Oh, the places you'll go in the 3D printing industry: October 2018 marked my first-ever visit to Israel.
Happy New Year!
2018 is officially over, and what a year it was in additive manufacturing. With new technologies alongside advances in established processes, with new applications and materials, new participants and partnerships, and "serial production" abuzz, the year has left quite an impression.
Retrospectives and predictions are everywhere in 3D printing media this week. I'm getting personal here.
In 2018, I took a major leap. I chose to leave a comfortable position as the Editor-in-Chief of an established industry site and forge a new path. While perhaps a keyboard may not seem as daunting as a machete, it's still a trick to clear new pathways. It was the right choice for me, and I've been incredibly fortunate to have excellent company along the journey so far.
Badges from three years of reporting as the Editor-in-Chief of 3DPrint.com.
From a supportive partner encouraging me to not just follow my dreams but build completely new ones to a rockstar designer helping to build my branding (Haley Mortensen is remarkable for any illustration/design needs) to trusted bankers and accountants checking my paperwork, establishing Additive Integrity LLC was a group effort. It takes a village to raise a business.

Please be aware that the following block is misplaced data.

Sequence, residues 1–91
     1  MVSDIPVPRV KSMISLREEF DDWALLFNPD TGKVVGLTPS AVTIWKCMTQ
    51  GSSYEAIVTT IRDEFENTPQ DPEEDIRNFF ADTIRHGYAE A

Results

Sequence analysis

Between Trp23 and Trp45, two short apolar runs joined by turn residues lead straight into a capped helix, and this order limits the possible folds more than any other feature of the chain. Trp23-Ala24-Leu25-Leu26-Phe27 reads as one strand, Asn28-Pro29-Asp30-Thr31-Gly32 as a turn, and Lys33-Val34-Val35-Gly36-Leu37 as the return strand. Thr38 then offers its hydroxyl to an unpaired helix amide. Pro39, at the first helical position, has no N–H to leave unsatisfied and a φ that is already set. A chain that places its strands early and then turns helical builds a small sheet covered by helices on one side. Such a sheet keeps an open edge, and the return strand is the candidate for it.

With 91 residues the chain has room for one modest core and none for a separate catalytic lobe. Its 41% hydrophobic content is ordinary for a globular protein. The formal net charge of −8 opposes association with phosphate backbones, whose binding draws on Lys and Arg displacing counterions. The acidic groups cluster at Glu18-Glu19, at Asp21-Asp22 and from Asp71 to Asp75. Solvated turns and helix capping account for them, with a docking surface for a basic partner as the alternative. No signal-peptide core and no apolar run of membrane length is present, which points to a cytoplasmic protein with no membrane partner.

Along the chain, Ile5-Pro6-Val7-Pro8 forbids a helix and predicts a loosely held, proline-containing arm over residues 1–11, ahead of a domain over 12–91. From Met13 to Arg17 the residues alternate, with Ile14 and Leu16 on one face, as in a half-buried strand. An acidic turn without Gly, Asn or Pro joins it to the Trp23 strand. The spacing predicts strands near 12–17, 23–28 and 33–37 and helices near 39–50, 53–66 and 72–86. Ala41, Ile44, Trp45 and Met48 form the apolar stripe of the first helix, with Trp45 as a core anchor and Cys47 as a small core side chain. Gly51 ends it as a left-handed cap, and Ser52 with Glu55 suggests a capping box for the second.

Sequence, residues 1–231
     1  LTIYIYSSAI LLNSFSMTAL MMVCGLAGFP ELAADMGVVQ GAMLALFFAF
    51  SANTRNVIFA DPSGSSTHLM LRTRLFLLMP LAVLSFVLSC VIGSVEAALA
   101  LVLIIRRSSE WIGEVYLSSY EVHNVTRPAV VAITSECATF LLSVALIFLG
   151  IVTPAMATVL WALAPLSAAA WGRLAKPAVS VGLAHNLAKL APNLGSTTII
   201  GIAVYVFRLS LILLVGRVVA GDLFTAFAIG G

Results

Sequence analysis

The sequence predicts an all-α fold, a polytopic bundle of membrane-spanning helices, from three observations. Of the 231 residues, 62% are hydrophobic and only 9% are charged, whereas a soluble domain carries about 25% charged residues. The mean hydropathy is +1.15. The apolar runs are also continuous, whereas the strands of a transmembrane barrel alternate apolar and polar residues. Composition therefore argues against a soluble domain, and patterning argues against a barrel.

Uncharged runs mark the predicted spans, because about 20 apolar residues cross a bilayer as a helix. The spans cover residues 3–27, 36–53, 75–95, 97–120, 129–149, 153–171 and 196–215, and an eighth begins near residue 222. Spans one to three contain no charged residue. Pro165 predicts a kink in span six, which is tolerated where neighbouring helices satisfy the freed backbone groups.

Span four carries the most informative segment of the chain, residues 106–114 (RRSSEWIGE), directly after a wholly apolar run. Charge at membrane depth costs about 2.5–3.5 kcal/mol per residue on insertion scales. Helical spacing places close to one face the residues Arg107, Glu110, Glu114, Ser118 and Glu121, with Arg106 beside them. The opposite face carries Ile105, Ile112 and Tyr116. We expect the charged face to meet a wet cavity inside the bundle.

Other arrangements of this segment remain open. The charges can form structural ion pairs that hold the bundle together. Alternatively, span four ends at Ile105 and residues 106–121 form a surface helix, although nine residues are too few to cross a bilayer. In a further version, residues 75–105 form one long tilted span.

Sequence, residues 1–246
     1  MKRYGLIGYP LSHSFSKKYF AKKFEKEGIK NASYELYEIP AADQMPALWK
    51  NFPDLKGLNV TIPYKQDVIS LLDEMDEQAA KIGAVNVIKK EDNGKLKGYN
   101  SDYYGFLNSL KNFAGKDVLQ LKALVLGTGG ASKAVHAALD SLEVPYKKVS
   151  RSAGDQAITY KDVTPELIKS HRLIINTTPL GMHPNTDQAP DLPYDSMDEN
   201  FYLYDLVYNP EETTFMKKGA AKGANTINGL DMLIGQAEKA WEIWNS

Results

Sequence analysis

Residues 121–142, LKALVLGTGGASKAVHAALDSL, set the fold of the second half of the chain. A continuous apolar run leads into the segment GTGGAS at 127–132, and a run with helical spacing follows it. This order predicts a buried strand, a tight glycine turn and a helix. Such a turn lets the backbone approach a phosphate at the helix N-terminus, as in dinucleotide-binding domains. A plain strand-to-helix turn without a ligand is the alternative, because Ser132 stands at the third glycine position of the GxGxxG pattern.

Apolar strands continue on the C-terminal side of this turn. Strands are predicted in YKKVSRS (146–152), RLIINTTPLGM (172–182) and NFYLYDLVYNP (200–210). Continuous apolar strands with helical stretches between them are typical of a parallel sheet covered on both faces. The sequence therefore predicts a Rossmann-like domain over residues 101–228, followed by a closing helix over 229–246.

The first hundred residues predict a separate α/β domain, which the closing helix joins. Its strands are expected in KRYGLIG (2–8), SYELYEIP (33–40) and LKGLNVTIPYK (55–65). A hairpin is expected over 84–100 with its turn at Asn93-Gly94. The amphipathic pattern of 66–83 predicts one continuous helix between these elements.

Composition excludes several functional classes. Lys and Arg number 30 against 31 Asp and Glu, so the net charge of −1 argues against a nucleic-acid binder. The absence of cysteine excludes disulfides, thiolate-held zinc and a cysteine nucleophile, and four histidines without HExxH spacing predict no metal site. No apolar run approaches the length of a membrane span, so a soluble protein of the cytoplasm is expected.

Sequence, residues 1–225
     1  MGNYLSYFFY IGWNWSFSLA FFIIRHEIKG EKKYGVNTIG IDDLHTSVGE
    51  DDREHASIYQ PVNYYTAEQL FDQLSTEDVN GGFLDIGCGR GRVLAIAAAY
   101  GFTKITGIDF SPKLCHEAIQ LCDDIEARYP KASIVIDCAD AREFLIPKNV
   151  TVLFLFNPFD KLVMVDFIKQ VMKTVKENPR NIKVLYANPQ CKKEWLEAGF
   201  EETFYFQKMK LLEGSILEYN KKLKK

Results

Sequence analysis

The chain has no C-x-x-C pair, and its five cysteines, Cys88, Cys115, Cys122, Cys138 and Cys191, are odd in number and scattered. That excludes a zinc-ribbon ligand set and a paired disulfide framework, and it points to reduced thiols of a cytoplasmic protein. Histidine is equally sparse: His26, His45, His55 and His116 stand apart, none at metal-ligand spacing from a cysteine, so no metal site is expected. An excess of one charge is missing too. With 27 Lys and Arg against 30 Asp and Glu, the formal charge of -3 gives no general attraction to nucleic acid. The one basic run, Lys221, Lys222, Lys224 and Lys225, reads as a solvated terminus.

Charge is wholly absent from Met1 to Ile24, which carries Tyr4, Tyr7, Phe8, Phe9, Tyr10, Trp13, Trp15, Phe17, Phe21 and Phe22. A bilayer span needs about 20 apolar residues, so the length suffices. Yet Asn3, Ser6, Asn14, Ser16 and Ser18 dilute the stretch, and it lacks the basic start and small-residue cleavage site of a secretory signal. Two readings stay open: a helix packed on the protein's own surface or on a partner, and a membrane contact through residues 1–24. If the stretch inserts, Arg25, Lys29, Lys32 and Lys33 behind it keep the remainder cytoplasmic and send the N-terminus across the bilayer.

Actually getting down to the business of the business was something of a relief following all the behind-the-scenes work.
Through Additive Integrity, I appreciate a unique position to curate my partnerships and it is an utter pleasure to be working today with a remarkable pool of talented people around the world.
Team Fabbaloo in Winnipeg, Manitoba, Canada: Marney, me, Kerry, Emelia.
In August, Fabbaloo officially relaunched as I joined that team as the new Managing Editor. Working with Kerry on the editorial side and with Marney and Emelia on the business end has been a refreshing delight. Fabbaloo remains my primary client and main focus through Additive Integrity. On a day-to-day basis, I'm curating, editing, scheduling, and writing Fabbaloo content. We publish daily, but we're not a "daily news" site, per se; there are several excellent publications in the 3D printing space that offer looks at the press releases, and we're positioning ourselves a bit differently. Kerry launched Fabbaloo in 2007 (!) and we're taking that extensive industry-watching experience to dig in to what makes the industry tick. Interviews, insights, analysis, predictions, comparisons: we're having a great time exploring the hows and the whys behind the whats. For Fabbaloo, I've already gone from Canada to Chicago to Israel to the UK to Germany to report straight from the world of additive manufacturing. Look for more to come in 2019 as we have some things in store with new partnerships, more feedback-based content, and more on-the-ground exploration.